YouTube goes 'moblogging'
The future Google unit has big plans to help consumers create and share video with their cell phones. But so do a lot of competitors.
(Business 2.0 Magazine) -- The mobile phone industry got some leftover Halloween treats this week. Red-hot startup MobiTV landed another $30 million in funding, bringing its total cash horde to more than $100 million. And YouTube said it would add its popular video-sharing features to mobile phones.
That's two big announcements from two key players. But which company is likely to have more success? YouTube, for reasons that have little to do with the company's $1.65 billion sale to Internet goliath Google (Charts).
Here's the reason: Consumers want to share content more than they want to watch TV shows on their cell phones. At least that's what they told In-Stat, a technology research firm, this summer. Sending a clip of Junior's soccer match to Grandma, it seems, is much cooler than watching the latest 'mobisode' of "Desperate Housewives" on a two-inch screen.
At the tone, leave a video-mail
"It was striking to see how strongly people feel about using video to communicate," says David Chamberlain, the In-Stat principal analyst who conducted the consumer study.
On Wednesday, YouTube CEO Chad Hurley told attendees at an advertising conference that the video-sharing site will allow users to send clips to other YouTube members within a year, according to a Reuters report. YouTube users already can upload clips from their phones to the company's site and then watch from their personal computers.
Hurley told the advertising execs that video-sharing via mobile phones is an obvious next step for the company. "[I]t's going to be a huge market," he said.
'Moblogging' - the industry term for the nascent mobile user-generated market - is expected to reap $13 billion a year in advertising and subscription revenues come 2011, according to Informa Telecoms & Media, a research firm.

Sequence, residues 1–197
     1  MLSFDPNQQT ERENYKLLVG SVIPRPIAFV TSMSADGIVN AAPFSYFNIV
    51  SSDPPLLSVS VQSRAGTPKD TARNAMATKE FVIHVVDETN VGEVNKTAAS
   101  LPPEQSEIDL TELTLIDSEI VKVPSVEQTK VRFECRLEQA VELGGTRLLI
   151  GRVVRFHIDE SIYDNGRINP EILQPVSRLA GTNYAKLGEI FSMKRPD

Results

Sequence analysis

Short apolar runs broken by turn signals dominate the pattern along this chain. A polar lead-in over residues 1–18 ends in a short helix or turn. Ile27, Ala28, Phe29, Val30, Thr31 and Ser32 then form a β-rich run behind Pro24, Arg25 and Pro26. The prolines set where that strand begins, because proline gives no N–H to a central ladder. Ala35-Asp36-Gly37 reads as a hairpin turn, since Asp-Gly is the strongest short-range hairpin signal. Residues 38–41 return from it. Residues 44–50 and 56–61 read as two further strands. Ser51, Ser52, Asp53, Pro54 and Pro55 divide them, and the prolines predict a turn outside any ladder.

A rough start, but the timing could be right
YouTube's push into the mobile market is both good and bad news for entrepreneurs like Alex Kelly, the CEO of San Francisco startup Veeker.
On the one hand, it validated Kelly's vision. So far mobile operators have had a hard time offering inexpensive, easy-to-use and fast services that consumers can use to share images and videos captured with their cameraphones. Only about 50 percent of U.S. mobile phone subscribers with built-in cameras actually snap photos. Even worse, a meager 3 percent shoot videos.
"There have been barriers," concedes Kelly.
Not surprisingly, Kelly thinks that technology has overcome the obstacles. In late October, Veeker rolled out a free service that lets users publish short video clips, which the company calls "Veeks," taken with their cell phones. Registered users can then send their output, via Multimedia Messaging Service (MMS), to Veeker.com and other sites that accept HTML embed codes, including MySpace and Blogger.
Veeker members have used the service to leave "video voicemails" for friends and to create personal video diaries.
"Mobile video is very immediate, and that's what people are looking for," says Kelly, who's betting the advertising revenues, both on Veeker's website and embedded in videos, will sustain it. "I think [demand] is going to grow a lot faster than people predicted."
YouTube: the kiss of death?
Veeker isn't the only company hoping to work some moblogging magic. Tiny Pictures, based in San Francisco with $2.8 million in funding, just launched Radar, a service that lets users publish photos on its website or to a closed network of friends. Meanwhile, registered users on JuiceCaster can use their cell phones to post to weblogs and social networking sites.
Juice Wireless, the two year-old New York shop that operates the JuiceCaster network, is teaming with College Tonight, a social network that will use cameraphones and video to help college students stay plugged in to their local social scene (brace yourselves, parents, for public videos of fraternity toga parties).
YouTube's move into mobile video could be a boon for startups like Veeker. Rivals could start scouting for their own mobile video service - and that's always good news for smaller players looking to be acquired.
But it could also mean bust for these upstarts. Where YouTube goes, cutthroat competition follows. Jill Aldort, a senior analyst with Yankee Group, says Veeker at al. will have to move fast to avoid getting crushed.
"YouTube has the critical mass, and it's hard to create a social network from scratch," explains Aldort. "If the little guys can get in there and launch services faster than YouTube, they'll have that going for them."
The biggest risk of all? Mobile video will never live up to expectations. That's the prediction from Ken Hyers, an ABI Research senior analyst. Hyers estimates there will be a scant 655,000 mobloggers worldwide at year-end. He expects that number to quadruple to 2.7 million by 2011. That's just a fraction of the estimated 3 billion mobile phone users around the world.
"For most people there's simply not enough going on in their lives that they're going to be uploading pictures on a regular basis," Hyers says in a statement.click here.